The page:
• Photo for Thanksgiving Dinner—Go Ahead, Gobble It Up
    Photo Credit: iStockPhoto

Thanksgiving Dinner—Go Ahead, Gobble It Up

By Beth Sumrell Ehrensberger, RD, MPH

Let’s be honest. Thanksgiving is all about the food (and being thankful, of course). It’s hard to envision the holiday without a plate covered with traditional trimmings. Granted, there are a few people that admirably stick to roasted turkey and steamed green beans, then somehow manage to muster up the willpower to pass on stuffing, gravy, and mashed potatoes—not to mention dessert. If you’re one of those folks, kudos to you! But for the rest of us, there’s no need to make apologies for enjoying a taste of the foods we only eat once a year. Actually, research shows that being a little “imperfect” when it comes to diet is a positive. University of North Florida research found that living by a “90-10” rule—90 percent of the time following a stellar diet, with 10 percent left for dietary wiggle room—leads to better success at following a healthy diet.

Of course, that’s not carte blanche throw your health out of the window—even at Thanksgiving. Ten percent isn’t much, but it’s enough to allow you a few indulgences. A few years ago, the National Institutes of Health corrected the popular, but incorrect, belief that most people gain five to 10 pounds during the holiday season (Thanksgiving through New Year’s Day)...the good news is that it’s more like one pound. However, a pound’s a pound—and if you never lose that pound and pack a fresh one on every holiday season, you’ll be in elastic-waist pants full-time before you know it. So while you have this dietitian’s permission to enjoy the main meal, take care to let the decadence stop at the table, and not trickle over into the following days (sorry, that means leftovers). Also, it’s smart to choose wisely and cut caloric corners in a few easy spots. For example, rather than filling up on high-calorie drinks and appetizers before dinner, nibble and imbibe lightly in anticipation of the plethora of delicious foods you know await. Adding time to your workouts is also a good way to make sure you get through the holiday season without a few extra rolls (not the kind on your plate).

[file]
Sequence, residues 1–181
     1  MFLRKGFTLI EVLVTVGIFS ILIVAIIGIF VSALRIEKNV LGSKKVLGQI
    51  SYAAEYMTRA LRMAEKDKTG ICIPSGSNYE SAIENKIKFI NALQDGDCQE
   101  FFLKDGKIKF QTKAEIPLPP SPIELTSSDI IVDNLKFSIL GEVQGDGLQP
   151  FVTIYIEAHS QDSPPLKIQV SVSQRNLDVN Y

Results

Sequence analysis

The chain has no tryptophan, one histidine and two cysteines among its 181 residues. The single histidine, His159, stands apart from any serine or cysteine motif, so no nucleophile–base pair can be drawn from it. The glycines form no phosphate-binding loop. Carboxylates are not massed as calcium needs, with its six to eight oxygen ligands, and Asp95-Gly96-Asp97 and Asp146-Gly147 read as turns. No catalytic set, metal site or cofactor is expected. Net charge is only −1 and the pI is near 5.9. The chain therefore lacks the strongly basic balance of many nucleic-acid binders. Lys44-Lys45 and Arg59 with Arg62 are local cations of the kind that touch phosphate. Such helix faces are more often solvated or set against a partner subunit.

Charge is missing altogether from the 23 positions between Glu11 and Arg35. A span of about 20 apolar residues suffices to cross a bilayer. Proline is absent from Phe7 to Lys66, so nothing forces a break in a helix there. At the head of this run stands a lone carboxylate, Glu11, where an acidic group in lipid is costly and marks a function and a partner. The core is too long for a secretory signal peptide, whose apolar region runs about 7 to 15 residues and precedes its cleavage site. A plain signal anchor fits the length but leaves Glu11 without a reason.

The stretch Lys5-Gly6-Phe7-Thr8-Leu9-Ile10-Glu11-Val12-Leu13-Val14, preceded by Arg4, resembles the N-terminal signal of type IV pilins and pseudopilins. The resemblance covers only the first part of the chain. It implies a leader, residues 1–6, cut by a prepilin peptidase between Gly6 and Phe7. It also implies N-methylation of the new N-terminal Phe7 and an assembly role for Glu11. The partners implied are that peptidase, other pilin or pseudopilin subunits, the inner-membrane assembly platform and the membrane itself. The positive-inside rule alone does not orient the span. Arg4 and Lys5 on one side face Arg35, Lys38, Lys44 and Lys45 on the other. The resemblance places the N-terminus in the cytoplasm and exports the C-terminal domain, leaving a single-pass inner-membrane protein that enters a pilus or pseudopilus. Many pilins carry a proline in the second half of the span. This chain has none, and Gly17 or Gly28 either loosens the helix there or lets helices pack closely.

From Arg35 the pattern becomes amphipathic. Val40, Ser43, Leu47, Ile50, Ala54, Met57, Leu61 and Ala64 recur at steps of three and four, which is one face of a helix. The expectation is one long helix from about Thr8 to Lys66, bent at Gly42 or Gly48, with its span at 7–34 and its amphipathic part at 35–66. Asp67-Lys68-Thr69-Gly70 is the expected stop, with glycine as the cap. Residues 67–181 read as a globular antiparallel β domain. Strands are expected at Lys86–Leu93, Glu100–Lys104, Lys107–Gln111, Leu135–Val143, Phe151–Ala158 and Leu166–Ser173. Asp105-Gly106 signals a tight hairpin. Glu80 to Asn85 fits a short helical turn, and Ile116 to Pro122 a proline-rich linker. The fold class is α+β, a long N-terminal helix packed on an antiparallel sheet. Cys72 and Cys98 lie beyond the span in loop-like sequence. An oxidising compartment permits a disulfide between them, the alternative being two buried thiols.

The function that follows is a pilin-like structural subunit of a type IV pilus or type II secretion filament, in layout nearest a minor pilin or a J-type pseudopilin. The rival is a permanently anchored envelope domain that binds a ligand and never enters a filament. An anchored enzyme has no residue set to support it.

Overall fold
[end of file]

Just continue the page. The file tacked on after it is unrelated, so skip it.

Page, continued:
Even as decadent as Thanksgiving can be, many of the stars of the meal are actually inherently healthy. If you have some control over the menu (or want to offer to lend the host a hand) you can choose to keep the healthy foods healthy, and save your splurge for dessert. Otherwise, take inspiration from your feast to build healthy meals from traditional Thanksgiving-inspired foods all year round.

Cravin’ the Cranberries
Not crushed globes suspended in suspicious-looking jelly (or corrugated can-shaped slices)—we’re talking real fresh-from-the-produce-section fruit. Cranberries are chock full of polyphenol antioxidants and vitamin C. Even better, that tart little berry rates sixth on the United States Department of Agriculture’s list of 20 high antioxidant sources of foods. Sure, you can slather your turkey with sugary sauce, but if you want to up the antioxidant ante and cut back on the sweet, spring for a fresh bag ‘o berries and make your own version of cranberries the healthy way. Just dump two cups of cranberries in a dish with two chopped apples—don’t even stop to peel them—and half a cup of sugar, then bake at 350 degrees until tender, about 45 minutes. Your guests (or your host) will be so impressed.

Make It Sweet